Art & Culture
Objective Gallery Announces The Opening of Todo Lo Más (Needless To Say) - An Exploration of Material Wonders

This is an exhibition which focuses on the representation of natural materials and craftsmanship in contemporary functional art and collectible design, exploring the significance of the natural properties of materials and how it affects modern lifestyle

After more than two months of absence, this is the first exhibition at Objective Gallery Shanghai since the epidemic lockdown. In these constant times of change, the curators turn their attention to nature and rethink the role of 'design' in our daily lives. Can raw, rugged, or unadorned materials, closer to the essence of life, satisfy the desire for authenticity in modern design?

From different countries and backgrounds, the exhibitors include Héctor Esrawe, Manu Bañó and EWE Studio from Mexico, and Batten and Kamp, a New Zealand artist duo now based in Hong Kong. This group of work expresses their combined approach to natural materials and modern craftsmanship. Brass, marble, granite, and hand-crafted glass, the materials that make up the work condense time and at the same time showcase local craft traditions. The textures of the materials evoke a sense of the raw and the uncertainty of the production process brings poetry. The creators have given the works more varied shapes from a contemporary perspective. They work with materials derived from the natural world, retaining their original characteristics and celebrating nature as it is.

Objective Gallery’s curatorial team has pieced together the memory fragments of the past time in Mexico, presenting these works using platforms and stands handmade with ceramic tiles and bricks, simulating a Mexican factory scene as part of this exhibition, and bringing visual elements of traditional Latin American culture to life. Artists are constantly exploring the local craft language, allowing the forces of nature to combine with local culture and highlight the materials themselves. Needless to say, it is not a nostalgic imitation, but a search for new possibilities and a tribute to the history and culture of the region.


Héctor Esrawe’s Ethereal and Shifting Parábola

Héctor Esrawe was born in 1968 in Mexico City, graduating from the Universidad Iberoamericana (UIA) with the title of Industrial Designer in 1992. He started his career as an independent designer under the firm Esrawe Studio in 2003. He was a design professor at the Universidad Iberoamericana for four years and created the Industrial Design Degree at CENTRO study house, where he was Design Director for three years. His work is present in the permanent collection of the High Museum of Art in Atlanta, with the Centípede bench and the Vestigios jewelry collection. His latest pieces – Fragmento, Aereo, Solsticio and Parábola – have been exhibited at Gallery Weekend 2021, MASA Galería and Chic by Accident Gallery. He has participated in different conferences and workshops around the world, his work has also been published in numerous print and digital media.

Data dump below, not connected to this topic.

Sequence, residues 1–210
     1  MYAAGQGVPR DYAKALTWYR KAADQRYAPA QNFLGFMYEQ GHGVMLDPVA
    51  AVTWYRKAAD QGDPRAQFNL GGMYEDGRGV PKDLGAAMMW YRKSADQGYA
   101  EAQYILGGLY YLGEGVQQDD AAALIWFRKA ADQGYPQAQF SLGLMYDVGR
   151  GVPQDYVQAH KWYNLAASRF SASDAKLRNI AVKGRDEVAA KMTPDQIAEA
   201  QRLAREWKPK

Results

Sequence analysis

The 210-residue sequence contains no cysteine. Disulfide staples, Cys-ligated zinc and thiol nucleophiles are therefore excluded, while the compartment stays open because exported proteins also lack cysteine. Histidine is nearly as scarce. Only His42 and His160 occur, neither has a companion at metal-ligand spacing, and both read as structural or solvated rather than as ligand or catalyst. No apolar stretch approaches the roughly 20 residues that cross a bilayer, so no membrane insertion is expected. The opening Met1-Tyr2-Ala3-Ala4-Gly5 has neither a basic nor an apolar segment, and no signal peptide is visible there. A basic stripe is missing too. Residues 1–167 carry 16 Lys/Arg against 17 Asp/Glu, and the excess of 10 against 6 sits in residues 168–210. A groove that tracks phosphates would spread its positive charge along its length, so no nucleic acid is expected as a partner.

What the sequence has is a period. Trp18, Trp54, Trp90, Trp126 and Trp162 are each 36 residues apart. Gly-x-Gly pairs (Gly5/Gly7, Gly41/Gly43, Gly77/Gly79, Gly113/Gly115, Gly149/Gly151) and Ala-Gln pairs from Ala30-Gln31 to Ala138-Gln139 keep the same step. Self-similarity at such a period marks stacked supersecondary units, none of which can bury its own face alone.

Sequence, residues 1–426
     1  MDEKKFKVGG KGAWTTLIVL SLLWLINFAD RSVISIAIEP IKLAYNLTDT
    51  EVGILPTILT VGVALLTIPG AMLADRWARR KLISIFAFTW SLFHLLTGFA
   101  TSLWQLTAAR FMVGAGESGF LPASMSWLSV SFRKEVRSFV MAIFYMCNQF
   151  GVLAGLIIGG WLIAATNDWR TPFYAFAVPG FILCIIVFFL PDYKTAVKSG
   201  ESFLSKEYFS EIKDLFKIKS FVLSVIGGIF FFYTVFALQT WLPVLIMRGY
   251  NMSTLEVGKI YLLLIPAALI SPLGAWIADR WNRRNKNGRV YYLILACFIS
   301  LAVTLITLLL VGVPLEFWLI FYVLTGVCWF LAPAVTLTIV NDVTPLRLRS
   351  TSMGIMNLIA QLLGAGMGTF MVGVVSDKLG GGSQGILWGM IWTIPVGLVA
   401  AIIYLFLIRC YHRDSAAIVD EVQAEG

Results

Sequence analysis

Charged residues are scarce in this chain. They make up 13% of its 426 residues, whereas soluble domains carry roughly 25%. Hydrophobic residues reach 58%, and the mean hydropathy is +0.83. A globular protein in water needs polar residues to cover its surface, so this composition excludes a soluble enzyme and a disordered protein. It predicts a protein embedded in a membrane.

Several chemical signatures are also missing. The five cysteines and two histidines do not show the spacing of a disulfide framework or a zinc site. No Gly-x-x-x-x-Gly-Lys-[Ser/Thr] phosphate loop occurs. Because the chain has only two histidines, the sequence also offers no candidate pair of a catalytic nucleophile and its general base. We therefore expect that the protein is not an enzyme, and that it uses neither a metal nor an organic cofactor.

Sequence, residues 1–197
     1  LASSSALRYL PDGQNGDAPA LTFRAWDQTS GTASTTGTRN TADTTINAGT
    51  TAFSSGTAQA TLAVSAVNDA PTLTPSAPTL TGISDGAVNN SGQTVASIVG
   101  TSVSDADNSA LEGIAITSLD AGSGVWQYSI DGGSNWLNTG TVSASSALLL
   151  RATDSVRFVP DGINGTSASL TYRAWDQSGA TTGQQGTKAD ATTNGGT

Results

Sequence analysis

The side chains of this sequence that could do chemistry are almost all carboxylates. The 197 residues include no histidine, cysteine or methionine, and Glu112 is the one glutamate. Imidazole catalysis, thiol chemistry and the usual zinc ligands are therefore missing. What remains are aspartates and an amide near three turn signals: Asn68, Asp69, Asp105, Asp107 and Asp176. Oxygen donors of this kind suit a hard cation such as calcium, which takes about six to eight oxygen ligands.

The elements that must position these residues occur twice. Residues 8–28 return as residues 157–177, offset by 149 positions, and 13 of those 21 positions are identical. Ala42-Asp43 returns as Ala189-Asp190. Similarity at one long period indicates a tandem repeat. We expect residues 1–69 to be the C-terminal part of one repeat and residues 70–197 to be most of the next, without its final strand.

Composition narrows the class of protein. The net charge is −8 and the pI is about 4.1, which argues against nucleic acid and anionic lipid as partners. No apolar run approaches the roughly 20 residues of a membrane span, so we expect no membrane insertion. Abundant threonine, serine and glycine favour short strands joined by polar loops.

Ethereal is a light sculpture designed by Esrawe Studio in collaboration with Nouvel Limited that forces two noble materials with different essences to coexist, but in the same way they alter and condition each other definitively. The process that generates this ‘violent coexistence‘ begins when soft and hard woods are exposed to 1500 degrees Celsius of poured glass. Oxygen and moisture within the wood cause a chemical reaction in the incandescent glass, resulting in a delicate unnatural visual expression. These are reflections around materiality, processes, the technique of pouring glass, in which experimentation is not an exclusive matter of forms or functions, but lies in the ability to establish new dialogues between these materials and their processes , between function and symbol.

Shifting Parábola is a collection of large-scale lighting sculptures that inhabit and are integrated into the space in which they are contained, in a relationship where the size of the piece creates a dialogue with the space intervened. Built from brass sheets shaped mostly by the weight and flexibility of the material and the tension generated by the position between the lighting fixtures and the wall / floor or ceiling, the resulting geometry is inhabited from within by light, creating a set of contrasts between the light contained inside and the space outside.